This is certainly a problem we know there's interest in. We have things in the works here, but it's our general policy not to comment on unannounced products, so I can't really tell you any more than this.

    - Dale Adams
     
  11. buns

    buns
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    doesnt happen to do sdi does it?
     
  12. Dale Adams

    Dale Adams
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    Yes, it does. That option won't be available right when the product ships, but it should be within a couple of months thereafter.

    - Dale Adams
     
  13. buns

    buns
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    oh thats interesting....... id be very interested in a mid level machine that would do that until the whole situation settles a bit. I will watch and listen carefully

    ad
     
  14. alwyn

    alwyn
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    Question to Dale adams,I have a proceed dvd/cd with a madrigal pvp card .would this new iscan be an improvement on this?
     
  15. Dale Adams

    Dale Adams
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    The new iScan won't play DVDs.

    Seriously, I'm not personally familiar with this combination. I haven't been able to play with one for any length of time, so I'm not sure I can comment too meaningfully.

    The main limitation of the PVP, as I understand it, is that it only outputs a 480p (also 576p?) signal. I.e., it's not a scaler like the iScan HD. So, depending on what type of display you have, there could be a really big difference or not much of one. If you could tell me a bit more about the rest of you system I might be able to comment a bit more.

    One question: The Proceed player doesn't have any type of digital video output, does it? If so, then I'd bet the iScan would be the better choice. If not, then it's an issue of the display digitizing the analog signal from the PVP (assuming you have a fixed-pixel display), or the iScan digitizing it. The iScan HD's scaler is probably as good as that in your display, and may well be a lot better.

    I don't think the Proceed player has a CUE problem, but the PVP probably doesn't fix ICP problems like the iScan will. The iScan almost certainly has better aspect ratio control than the PVP, but your display may handle this to your satisfaction already.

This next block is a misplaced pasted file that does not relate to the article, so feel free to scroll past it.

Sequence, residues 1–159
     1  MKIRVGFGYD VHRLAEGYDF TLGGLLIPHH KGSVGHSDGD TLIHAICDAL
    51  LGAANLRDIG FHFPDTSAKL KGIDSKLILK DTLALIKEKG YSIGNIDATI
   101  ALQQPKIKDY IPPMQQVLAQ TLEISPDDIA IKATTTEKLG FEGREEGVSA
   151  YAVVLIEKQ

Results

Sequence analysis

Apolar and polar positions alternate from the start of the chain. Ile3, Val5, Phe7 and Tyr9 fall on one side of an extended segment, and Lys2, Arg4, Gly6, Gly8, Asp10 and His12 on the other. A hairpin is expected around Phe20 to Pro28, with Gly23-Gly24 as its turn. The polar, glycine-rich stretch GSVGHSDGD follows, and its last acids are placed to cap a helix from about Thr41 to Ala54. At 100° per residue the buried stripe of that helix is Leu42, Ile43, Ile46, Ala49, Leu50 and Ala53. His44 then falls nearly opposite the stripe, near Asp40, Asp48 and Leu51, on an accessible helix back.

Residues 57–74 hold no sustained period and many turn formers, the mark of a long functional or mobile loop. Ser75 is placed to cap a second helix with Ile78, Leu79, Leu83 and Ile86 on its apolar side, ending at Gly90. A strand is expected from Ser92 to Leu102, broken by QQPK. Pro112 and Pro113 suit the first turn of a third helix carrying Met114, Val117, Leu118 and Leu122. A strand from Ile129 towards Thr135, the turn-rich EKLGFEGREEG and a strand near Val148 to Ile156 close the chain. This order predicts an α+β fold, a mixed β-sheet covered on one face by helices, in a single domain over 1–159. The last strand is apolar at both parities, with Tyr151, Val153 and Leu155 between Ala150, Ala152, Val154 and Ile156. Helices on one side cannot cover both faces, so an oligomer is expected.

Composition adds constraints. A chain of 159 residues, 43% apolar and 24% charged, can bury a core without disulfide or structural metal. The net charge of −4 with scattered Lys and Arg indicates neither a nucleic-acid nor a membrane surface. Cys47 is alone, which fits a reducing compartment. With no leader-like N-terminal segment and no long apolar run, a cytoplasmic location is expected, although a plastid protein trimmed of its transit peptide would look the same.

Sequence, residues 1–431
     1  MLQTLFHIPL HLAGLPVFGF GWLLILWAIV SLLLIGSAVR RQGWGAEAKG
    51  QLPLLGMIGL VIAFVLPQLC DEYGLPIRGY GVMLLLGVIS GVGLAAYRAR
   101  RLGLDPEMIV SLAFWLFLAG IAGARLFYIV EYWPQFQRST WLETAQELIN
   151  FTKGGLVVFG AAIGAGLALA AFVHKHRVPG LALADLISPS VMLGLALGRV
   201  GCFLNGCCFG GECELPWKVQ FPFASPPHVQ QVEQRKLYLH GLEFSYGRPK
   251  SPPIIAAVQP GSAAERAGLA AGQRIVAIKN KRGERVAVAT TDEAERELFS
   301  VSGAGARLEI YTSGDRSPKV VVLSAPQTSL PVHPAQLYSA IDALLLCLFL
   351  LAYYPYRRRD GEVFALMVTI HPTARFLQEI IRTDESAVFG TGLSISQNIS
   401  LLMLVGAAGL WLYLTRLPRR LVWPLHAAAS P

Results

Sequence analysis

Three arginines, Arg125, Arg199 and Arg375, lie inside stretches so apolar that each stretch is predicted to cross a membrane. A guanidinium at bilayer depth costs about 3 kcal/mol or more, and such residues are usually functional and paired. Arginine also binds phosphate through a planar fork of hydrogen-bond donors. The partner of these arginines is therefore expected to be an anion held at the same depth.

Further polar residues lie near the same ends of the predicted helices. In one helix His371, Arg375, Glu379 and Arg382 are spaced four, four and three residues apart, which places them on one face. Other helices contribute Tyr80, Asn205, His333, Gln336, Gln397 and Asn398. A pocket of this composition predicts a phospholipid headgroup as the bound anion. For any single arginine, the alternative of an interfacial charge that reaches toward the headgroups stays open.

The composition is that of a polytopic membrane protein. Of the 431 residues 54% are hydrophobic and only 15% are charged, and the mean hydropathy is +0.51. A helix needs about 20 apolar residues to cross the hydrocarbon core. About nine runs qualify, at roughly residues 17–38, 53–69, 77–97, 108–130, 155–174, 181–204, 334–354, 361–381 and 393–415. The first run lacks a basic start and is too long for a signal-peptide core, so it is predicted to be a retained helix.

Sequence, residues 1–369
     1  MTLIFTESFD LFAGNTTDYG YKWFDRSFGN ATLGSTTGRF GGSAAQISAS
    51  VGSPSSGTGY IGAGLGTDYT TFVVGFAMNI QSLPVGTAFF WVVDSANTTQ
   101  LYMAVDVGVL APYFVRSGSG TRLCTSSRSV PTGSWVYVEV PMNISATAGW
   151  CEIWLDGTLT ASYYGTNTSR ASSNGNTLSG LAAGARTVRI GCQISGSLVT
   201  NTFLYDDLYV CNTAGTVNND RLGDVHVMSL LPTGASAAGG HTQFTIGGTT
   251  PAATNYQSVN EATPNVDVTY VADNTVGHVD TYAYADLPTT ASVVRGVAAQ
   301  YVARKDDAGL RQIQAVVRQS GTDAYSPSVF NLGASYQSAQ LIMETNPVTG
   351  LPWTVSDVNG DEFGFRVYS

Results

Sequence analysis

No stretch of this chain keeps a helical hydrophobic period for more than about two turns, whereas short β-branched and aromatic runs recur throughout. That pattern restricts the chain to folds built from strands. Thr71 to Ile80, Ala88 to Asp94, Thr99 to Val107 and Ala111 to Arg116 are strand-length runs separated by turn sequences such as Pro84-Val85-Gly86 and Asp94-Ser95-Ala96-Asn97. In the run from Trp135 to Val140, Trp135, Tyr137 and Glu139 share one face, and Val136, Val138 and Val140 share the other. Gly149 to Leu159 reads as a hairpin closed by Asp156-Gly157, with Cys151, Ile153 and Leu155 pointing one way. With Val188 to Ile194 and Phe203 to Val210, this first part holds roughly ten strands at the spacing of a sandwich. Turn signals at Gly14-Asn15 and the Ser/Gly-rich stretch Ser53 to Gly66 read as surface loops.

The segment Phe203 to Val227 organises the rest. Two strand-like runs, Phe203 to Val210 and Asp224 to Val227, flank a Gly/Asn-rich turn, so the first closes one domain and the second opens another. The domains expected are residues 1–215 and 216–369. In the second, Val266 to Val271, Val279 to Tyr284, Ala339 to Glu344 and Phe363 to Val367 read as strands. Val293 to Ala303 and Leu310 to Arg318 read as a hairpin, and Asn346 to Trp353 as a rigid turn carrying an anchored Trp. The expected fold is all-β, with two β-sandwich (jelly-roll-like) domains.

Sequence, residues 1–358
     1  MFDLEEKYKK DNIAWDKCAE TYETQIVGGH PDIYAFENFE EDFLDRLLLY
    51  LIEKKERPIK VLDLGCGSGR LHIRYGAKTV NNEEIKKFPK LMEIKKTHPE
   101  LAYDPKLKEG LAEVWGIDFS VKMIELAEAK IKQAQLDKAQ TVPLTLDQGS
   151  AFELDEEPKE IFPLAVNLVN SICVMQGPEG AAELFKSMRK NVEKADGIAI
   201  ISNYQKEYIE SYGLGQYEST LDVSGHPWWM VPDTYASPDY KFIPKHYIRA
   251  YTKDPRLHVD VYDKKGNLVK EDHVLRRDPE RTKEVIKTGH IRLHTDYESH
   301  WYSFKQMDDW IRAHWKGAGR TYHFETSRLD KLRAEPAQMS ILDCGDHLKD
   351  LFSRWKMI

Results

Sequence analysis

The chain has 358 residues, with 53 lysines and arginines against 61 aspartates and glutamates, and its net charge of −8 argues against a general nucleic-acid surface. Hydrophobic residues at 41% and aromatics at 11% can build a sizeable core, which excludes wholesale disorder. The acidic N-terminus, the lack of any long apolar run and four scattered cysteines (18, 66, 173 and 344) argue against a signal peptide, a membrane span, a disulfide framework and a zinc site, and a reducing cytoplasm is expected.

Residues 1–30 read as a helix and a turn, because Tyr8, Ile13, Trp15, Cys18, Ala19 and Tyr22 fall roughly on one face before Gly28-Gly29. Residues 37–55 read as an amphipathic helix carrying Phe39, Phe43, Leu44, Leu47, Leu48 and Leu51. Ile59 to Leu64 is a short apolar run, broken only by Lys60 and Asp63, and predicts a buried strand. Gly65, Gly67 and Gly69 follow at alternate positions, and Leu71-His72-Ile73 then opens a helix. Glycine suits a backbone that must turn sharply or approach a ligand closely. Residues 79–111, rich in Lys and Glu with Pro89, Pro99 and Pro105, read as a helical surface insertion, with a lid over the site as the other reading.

What type of display are you using?

    - Dale Adams
     
  16. StooMonster

    StooMonster
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    ...but originally posted in plasma forums because of usefulness as an option for improving Sky Digital on plasma screens.

    http://www.avforums.com/forums/showthread.php?s=&threadid=108898
    This thread contains questions about the unit and answers copied from avsforum.com

    I think this product looks great!

    StooMonster
     
  17. alwyn

    alwyn
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    Thank you for yor reply Dale,the display is the pioneer 504 hde.
     
  18. Stephen Wilde

    Stephen Wilde
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    I'm getting a very good SKY+ picture on a Fuji 5004 with the J. Sim Scart to VGA converter. Is your device likely to show a significant improvement?
    My brother is disappointed with Sky+ on a new Panasonic but he is using a scart to scart connection. He says the VGA input is much clearer.
    Would he be best advised to use your device or just use a VGA converter?
     
  19. Dale Adams

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    The iScan HD has a predefined 1280x768 resolution which should work nicely with your display. If your player is just feeding the Pioneer a 480p or 576p signal, then you should see an improvement if the scaler in the Pioneer isn't first-rate. We've tried the iScan with an older Pioneer model (503) and there was a big difference in scaling quality. I don't know if the 504 has improved on that however, so I can't be sure that you'd see the same improvement with your display.

    - Dale Adams
     
  20. Dale Adams

    Dale Adams